• the desired superposition of shock waves,
    • the space available and/or
    • the passably chord size of the wing.

Subsections with different slopes, with slopes continuously changing or with regions of discrete constant values of the slope can be adapted to build an platform suitable for the flight conditions. The edges can be meandered in its entirety or only in one or several subsections.

According to the invention the aforementioned advantages of the meandered design of the edges of the contour can be combined with a contour comprising a sweep, if the contour is locally meandered and comprises a global sweep. This means that in a small scale the contour is meandered, for instance with a contour comprising different “teeth”, wherein the “wavelength” of the meandered contour could be smaller than the length of the edge, whereas in a larger scale the contour or an “averaged contour” is not oriented transverse to the flow direction but the longitudinal axis of the flying object and a global, averaged artificial line at the edge of the wing builds an angle between 0° and 90°, which is open in opposite direction to the flight direction.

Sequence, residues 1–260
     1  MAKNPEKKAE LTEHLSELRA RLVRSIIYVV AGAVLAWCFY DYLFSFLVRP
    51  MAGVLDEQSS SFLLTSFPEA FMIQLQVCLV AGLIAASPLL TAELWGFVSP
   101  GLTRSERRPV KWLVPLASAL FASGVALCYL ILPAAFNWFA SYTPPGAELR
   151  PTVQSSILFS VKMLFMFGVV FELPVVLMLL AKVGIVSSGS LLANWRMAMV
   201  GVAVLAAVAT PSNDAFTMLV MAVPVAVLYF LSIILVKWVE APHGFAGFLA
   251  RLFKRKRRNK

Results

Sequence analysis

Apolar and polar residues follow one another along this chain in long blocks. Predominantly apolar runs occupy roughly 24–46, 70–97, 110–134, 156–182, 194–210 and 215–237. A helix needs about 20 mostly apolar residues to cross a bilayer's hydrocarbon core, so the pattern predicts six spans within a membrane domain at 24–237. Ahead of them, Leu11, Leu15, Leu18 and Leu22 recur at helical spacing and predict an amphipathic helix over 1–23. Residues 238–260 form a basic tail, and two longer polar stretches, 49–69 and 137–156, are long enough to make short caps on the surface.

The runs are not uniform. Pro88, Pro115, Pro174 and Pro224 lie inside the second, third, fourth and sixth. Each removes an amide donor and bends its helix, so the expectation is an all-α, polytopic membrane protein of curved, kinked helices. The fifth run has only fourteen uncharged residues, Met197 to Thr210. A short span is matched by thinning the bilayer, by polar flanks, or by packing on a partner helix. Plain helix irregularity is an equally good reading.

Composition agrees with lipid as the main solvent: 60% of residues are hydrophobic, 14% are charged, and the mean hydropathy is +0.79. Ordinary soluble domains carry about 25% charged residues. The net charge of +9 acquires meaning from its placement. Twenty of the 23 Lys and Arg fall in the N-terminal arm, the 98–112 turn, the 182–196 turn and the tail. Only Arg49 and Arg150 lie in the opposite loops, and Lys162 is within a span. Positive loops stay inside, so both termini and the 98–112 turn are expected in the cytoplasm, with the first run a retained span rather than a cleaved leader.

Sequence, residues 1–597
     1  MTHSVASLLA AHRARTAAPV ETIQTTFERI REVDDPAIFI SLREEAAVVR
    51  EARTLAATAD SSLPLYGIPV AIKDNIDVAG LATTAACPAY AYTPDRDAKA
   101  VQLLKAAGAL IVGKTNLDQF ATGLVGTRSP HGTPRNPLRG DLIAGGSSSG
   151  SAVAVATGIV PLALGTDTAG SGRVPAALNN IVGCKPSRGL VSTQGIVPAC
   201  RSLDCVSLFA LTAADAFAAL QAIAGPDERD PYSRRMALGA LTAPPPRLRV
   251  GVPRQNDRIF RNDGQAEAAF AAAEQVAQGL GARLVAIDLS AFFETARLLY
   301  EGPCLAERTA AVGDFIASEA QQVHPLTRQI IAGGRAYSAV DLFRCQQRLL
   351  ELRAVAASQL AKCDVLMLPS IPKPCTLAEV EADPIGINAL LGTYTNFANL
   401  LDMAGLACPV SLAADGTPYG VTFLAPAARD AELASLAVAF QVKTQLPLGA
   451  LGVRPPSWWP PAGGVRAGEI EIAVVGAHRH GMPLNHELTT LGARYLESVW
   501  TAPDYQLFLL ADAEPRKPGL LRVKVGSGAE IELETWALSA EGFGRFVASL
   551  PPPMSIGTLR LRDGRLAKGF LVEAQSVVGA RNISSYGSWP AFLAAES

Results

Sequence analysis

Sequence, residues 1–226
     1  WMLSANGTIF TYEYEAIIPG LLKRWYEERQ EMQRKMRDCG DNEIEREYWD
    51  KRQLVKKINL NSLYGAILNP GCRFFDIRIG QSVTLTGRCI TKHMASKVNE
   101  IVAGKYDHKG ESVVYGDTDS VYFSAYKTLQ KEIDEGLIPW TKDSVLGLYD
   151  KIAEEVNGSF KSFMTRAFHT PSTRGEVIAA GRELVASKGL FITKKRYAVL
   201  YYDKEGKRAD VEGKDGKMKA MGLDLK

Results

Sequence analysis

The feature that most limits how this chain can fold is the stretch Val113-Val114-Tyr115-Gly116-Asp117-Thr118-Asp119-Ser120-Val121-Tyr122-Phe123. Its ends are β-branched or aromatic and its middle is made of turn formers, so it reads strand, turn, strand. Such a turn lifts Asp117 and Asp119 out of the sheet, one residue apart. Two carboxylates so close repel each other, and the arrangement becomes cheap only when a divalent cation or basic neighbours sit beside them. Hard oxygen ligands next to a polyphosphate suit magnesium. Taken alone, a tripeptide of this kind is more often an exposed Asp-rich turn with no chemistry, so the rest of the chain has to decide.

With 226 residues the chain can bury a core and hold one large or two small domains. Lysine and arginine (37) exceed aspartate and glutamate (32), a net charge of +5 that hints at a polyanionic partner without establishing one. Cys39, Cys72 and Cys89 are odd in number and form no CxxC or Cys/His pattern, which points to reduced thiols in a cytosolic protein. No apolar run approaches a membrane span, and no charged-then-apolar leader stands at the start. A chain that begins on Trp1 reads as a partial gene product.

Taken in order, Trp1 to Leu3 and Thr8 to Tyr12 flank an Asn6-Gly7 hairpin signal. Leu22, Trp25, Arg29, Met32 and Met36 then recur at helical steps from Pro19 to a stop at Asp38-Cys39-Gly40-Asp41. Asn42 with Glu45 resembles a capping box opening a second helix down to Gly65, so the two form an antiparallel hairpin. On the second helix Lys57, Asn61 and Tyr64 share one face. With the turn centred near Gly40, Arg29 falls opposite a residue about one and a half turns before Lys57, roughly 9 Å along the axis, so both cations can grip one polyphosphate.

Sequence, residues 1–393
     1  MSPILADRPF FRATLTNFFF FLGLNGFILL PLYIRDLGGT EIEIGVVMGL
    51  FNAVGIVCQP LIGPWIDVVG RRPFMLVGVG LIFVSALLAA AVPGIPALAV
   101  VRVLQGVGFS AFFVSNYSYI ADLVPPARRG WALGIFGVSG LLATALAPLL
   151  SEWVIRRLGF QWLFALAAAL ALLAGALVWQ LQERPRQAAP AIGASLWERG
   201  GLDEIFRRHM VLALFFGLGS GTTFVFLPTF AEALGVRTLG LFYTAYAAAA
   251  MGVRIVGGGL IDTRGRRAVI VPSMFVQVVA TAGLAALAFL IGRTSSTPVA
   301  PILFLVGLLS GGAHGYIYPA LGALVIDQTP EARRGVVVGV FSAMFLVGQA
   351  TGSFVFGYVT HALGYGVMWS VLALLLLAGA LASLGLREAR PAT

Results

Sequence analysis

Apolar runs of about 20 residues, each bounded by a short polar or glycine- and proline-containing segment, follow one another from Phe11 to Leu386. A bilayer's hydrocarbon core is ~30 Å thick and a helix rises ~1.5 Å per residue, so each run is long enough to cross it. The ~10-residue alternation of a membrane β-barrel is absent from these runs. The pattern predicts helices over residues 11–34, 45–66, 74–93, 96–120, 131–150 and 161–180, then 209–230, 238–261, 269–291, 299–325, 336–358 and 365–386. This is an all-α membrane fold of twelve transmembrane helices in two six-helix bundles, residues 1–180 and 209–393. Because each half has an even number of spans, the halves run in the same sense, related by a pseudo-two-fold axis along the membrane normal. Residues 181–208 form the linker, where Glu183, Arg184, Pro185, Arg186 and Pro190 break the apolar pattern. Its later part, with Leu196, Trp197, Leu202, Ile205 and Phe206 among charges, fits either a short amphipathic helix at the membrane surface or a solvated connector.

According to another embodiment the wing comprises a maximum protruding from the wing and two minima located spaced apart from the maximum or located externally. Thus, the contour comprises “peaks” protruding into the airflow with adjacent “valleys”. The “valleys” are built by the (external) minima. They may be built in particular in the area of the upper and lower surfaces of the wing as well as retrograde areas of the meandered edges. As a consequence, the local sweep may not be limited to the longitudinal direction of the front contour but also be provided in a transverse direction of the contour. Between the aforementioned minima and the maximum further extremities can be provided, so that also in transverse direction a plurality of peaks and valleys is given.

Preferably, the maxima and minima are connected in transverse direction by curves, in particular a straight line, a concave curve, a convex curve or a parabolic curve.